Location: Iowa

Cyclist's Killer Goes To Trial in Iowa

In West Burlington, Iowa, a criminal trial will begin against Marvin Oberly, 61, who ran down 21-year-old bicyclist Douglas Kenney just over a year ago. See if this sounds familiar:

Kenney died shortly after being taken to the hospital Nov. 9 last year from injuries he suffered after being hit by Oberly’s pickup while he rode his bicycle to work in the 1700 block of Mount Pleasant Street. He had moved to West Burlington three months prior to the accident to live with his grandparents to raise money for college.

Officials said Kenney was riding his bicycle on the shoulder of the road and then came back onto the road. The pickup truck came up from behind and collided with the bicycle. Kenney went airborne and landed 114 feet from the point of impact. His bicycle was dragged by the truck and was found 209 feet from where he first was hit.

“Mr. Oberly did not attempt to take any evasive action to prevent colliding with the bicyclist, including traveling to the left-hand lane, which was free of traffic and other obstruction,” investigators stated in a complaint filed in court in August.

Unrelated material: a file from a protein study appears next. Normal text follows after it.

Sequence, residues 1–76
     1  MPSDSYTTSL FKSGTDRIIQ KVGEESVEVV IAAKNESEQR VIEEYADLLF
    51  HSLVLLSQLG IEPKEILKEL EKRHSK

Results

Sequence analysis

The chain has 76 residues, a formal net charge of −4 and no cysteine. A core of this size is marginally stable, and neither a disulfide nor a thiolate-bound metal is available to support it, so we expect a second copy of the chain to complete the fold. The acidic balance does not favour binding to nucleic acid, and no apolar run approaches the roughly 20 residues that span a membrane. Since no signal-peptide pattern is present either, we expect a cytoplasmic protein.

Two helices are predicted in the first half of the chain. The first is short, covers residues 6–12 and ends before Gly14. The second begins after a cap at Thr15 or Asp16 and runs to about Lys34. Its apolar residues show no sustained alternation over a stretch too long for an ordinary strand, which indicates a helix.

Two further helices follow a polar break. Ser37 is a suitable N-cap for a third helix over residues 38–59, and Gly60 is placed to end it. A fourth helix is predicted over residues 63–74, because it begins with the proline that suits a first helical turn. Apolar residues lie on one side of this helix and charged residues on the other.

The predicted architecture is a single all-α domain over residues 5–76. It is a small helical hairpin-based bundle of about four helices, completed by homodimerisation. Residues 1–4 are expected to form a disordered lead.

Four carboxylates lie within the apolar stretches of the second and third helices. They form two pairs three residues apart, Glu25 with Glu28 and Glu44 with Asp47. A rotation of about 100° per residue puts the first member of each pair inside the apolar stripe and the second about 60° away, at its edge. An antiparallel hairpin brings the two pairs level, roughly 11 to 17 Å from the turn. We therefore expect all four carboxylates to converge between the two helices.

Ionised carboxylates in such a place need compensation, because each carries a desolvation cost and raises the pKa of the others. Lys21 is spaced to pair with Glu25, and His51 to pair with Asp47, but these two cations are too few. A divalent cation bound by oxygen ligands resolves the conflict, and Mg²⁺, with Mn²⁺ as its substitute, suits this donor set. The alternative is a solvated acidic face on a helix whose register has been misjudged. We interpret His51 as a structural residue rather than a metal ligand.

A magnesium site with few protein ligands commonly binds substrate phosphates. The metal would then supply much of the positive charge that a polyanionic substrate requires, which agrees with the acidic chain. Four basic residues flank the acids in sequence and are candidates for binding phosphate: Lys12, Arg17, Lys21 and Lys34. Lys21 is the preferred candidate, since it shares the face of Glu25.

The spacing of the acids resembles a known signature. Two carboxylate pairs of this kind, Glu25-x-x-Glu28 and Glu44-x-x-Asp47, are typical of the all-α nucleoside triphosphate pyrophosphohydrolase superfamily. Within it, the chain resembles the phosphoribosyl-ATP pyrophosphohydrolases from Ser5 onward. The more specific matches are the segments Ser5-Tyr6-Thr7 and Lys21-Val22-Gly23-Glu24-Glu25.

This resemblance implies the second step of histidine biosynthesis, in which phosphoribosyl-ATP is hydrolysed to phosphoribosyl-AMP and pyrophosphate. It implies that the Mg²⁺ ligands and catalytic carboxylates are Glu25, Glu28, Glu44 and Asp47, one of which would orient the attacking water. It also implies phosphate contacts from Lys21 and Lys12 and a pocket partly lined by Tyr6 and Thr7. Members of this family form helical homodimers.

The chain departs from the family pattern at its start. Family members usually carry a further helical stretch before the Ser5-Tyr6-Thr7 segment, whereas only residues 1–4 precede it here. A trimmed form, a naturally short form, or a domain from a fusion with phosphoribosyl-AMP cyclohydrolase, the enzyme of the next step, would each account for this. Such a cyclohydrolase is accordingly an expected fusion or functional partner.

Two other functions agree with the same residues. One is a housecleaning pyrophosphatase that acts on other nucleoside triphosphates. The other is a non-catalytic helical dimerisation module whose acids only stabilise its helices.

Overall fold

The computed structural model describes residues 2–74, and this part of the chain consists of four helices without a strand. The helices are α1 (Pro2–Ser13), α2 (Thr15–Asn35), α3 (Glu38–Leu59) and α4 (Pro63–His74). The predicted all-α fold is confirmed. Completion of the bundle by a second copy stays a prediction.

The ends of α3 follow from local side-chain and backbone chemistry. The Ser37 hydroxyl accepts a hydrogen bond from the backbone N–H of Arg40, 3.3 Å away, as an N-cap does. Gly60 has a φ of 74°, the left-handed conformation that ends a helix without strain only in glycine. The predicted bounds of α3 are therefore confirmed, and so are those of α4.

The particulars of the case are an eerie echo of the deaths of Larry and Sierra Gaunt, who were struck from behind by a pickup driven by William K. Johnson, who was charged with two counts of involuntary manslaughter. At his trial, Johnson, who had, like Oberly, failed to pass the cyclists even with an empty lane to spare, had the following to say for himself:

Assistant prosecutor Traci Stansell asked Johnson, “Do you know what ‘share the road’ means?” “Yes,” he answered. More than once, Johnson was asked why he didn’t move over into the clear left lane. Force of habit, he replied. It was, he said, his driving style.

Despite strong evidence, Johnson was acquitted, much to the dismay of the Gaunt family and the local cycling community.

In the Iowa case, Oberly, will stand trial on charges of driving on the wrong side of a highway and passing on the wrong side, misdemeanors punishable by 30 days in jail for each. He also faces up to a year suspension of his drivers license.

Lets hope the Iowa trial yields more justice than the Missouri trial did.


About The Author

By Randy Rasa, editor/webmaster at Kansas Cyclist, the web’s premier Kansas cycling information site, featuring authoritative guides to Kansas cycling clubs, bike shops, organized bike rides, touring, trails, and much more. [learn more]

One response to “Cyclist's Killer Goes To Trial in Iowa”

  1. Unknown says:

    Oberly was found guilty on both counts.